Former poachers are accountable for conserving the ecosystem in Rwanda

BY Annonciata BYUKUSENGE

Some residents around of Nyungwe National Park say they were former poachers but now they understand the importance of biodiversity conservation and are now advocates for the biodiversity conservation campaign in community as told to Rwandanews24.

Nyungwe National Park is located in Southern Province, Nyamagabe district. The formers poachers are the residents of Nyamagabe district, Uwinkingi sector in Rugeti Cell.

Emmanuel Cyondi is a 55-year-old man. He says he has been kidnapping animals for more than 10 years on the outskirts of Nyungwe National Park, because from 2007 to 2019 he was poacher.

This is animal live around of Nyungwe forest, locally known as Icyondi (Photo: Annonciata Byukusenge)

“I used to hunt animals include Kobs, The duiker, l’hoest’s monkey and more for meat because I grew up in my home and I didn’t eat beef, but my parents were hunters and I ate wildlife all time,” said Cyondi.

Cyondi and other residents were poachers now are in conservation group called Umurava, one of groups from the Biodiversity Conservation Cooperatives (Union des Coopératives Agricoles Intégrées/ UNICOOPAGI).

How former poacher Cyondi Emmanuel became a wildlife activist?

Cyondi became a wildlife activist after the campaign of women who are committed to protecting the biodiversity species in Uwinkingi sector, Nyamagabe district.

“These women are the ones who go around raising awareness about the importance of protecting the environment and biodiversity. Some of my neighbors already knew that I was hunting animals in Nyungwe and that is why they approached me and told me about the negative impact. I stopped poaching and will no longer hunt for animals,” he declared.

He said that it requires strategies to eliminate poaching in Nyungwe Park and its environs.

“In 2018, the women who decided to protect wildlife came to me at home and told me that what I was doing – hunting animals in the forest for meat was illegal,” he said.

He said that although it took time for him, he later changed to the extent of reporting other poachers who try to hunt in the park. “I alert local authorities and security organs so the hunters are arrested, prosecuted and punished by the law,” he noted.

From left to right, the second man is former poacher called Emmanuel Cyondi with his colleagues in Umurava biodiversity conservation group (Photo: Annonciata Byukusenge)

Challenges

Cyondi stated that after realizing the importance of biodiversity conservation, he has joined efforts to form UMURAVA group, but he need support to gain capacity building in mobilizing other people still participate in poaching activities shift to participate in environmental conservation programmes.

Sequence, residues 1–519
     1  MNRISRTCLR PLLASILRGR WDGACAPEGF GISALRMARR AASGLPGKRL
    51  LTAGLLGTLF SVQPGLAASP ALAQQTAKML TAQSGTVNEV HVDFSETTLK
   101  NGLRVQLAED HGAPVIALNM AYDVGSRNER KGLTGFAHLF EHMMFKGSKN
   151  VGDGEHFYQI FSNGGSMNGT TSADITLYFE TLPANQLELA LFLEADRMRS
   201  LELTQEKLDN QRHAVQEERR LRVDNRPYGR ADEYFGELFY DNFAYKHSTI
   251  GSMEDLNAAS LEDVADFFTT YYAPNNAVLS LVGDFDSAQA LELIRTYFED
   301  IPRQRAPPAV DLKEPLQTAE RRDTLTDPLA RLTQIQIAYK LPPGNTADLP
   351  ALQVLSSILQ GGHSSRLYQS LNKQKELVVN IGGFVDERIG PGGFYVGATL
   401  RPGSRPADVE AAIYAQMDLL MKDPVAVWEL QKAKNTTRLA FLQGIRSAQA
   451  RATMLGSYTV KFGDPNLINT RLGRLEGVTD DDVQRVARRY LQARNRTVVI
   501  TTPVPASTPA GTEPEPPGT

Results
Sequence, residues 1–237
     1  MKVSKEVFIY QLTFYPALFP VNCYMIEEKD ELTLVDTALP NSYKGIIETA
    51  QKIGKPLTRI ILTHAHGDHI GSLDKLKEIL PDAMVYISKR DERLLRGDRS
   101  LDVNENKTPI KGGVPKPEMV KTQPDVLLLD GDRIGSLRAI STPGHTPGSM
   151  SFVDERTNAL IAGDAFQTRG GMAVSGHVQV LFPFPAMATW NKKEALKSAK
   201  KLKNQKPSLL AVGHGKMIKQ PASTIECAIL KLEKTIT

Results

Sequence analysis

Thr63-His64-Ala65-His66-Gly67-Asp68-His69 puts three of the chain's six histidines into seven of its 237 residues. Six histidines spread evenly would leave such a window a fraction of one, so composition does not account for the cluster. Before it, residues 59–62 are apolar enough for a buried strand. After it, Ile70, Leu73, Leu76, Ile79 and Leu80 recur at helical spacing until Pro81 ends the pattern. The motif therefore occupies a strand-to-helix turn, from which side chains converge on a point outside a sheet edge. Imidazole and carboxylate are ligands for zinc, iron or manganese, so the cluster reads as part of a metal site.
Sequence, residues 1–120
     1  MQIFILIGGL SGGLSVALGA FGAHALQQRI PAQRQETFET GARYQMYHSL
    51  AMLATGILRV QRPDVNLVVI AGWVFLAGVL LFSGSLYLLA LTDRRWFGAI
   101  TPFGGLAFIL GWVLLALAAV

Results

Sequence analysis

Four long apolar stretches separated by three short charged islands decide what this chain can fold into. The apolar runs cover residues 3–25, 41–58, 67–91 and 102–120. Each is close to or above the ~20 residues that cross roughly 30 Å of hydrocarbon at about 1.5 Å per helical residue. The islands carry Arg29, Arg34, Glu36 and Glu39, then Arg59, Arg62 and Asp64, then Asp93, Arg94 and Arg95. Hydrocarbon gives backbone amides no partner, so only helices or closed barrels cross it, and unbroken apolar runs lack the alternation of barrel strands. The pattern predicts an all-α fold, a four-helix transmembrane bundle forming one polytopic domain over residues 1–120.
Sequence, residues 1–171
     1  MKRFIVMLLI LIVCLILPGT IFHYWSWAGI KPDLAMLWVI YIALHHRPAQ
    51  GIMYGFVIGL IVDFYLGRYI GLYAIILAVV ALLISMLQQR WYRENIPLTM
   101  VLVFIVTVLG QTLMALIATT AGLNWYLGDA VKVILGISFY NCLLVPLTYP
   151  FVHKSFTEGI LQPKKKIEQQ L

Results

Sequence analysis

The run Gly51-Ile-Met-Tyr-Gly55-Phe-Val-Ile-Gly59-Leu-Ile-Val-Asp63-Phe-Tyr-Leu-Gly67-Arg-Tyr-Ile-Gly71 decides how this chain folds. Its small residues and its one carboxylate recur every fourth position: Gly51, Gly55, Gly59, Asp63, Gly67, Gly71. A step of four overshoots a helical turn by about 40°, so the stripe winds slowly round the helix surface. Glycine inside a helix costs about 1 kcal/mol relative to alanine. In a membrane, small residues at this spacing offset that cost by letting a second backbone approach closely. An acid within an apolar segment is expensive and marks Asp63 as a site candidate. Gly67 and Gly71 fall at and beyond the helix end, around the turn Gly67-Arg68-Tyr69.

“Getting out of the wild is a journey, because if a person is accustomed to eating meat 4 times a week and sees that he can let it go for 2 weeks before eating meat, you will find it difficult to accept it.” Said Cyondi.

Kevine Dusengimana, 26, is woman committed to the conservation of biodiversity species. She says the community has to play a role in tracking down the poachers. In Umurava group, we are 25 women and 5 men.

Most poached wild animals include deer, Kobs, The duiker (locally known as Ifumberi), l’hoest’s monkey (locally known as Icyondi) among others. “As women, we are determined to fight against poachers and we will continue to campaign in other parts of our country as we have understood that biodiversity plays an important role in our lives,” Ms Dusengimana added.

The Chief Executive Officer of the Biodiversity Conservation Organization (BIOCOOR), Dr. Ange Imanishimwe says, it supports former poachers in the conservation programmes despite the fact that some are yet to understand that they can benefit economically from biodiversity.

“The challenge affecting men’s (poachers) participation in biodiversity programmes is that many people have not yet understood the importance of biodiversity, especially some husbands of the women participate in this program, because they do not have enough information regarding the same. But we will help them to campaign and initiate talks with men so that they let their wives participate in this programme,” said Dr Imanishimwe.

Gorilla live in Nyungwe forest (Photo: Annonciata Byukusenge)

The conservation expert also pointed out the need to engage men to support the participation of women in biodiversity conservation.  This is because if the men understand and support efforts by women in biodiversity conservation, they would ensure that these measures will be accepted in the community.  This inclusive approach would also tackle the root causes of gender inequalities. It would also create awareness thus resulting in long-term benefits for the whole community and the country.

According to the draft legislation, a person convicted for removing animal species from their habitat, harming, transporting, or hawking them is liable to a term of imprisonment of between six months and two years and a fine of not less than Rwf500,000, but not more than Rwf1 million.

In case it’s committed against endangered species, the jail time increased to between three and five years while the fine is between Rwf2 million and Rwf5 million.

The Sustainable Development Goal (SDG) 15 is dedicated to “protect, restore and promote sustainable use of terrestrial ecosystems, sustainably manage forests, combat desertification, and halt and reverse land degradation and halt biodiversity loss” and indeed Rwandan women around Nyungwe National Park are not left behind.

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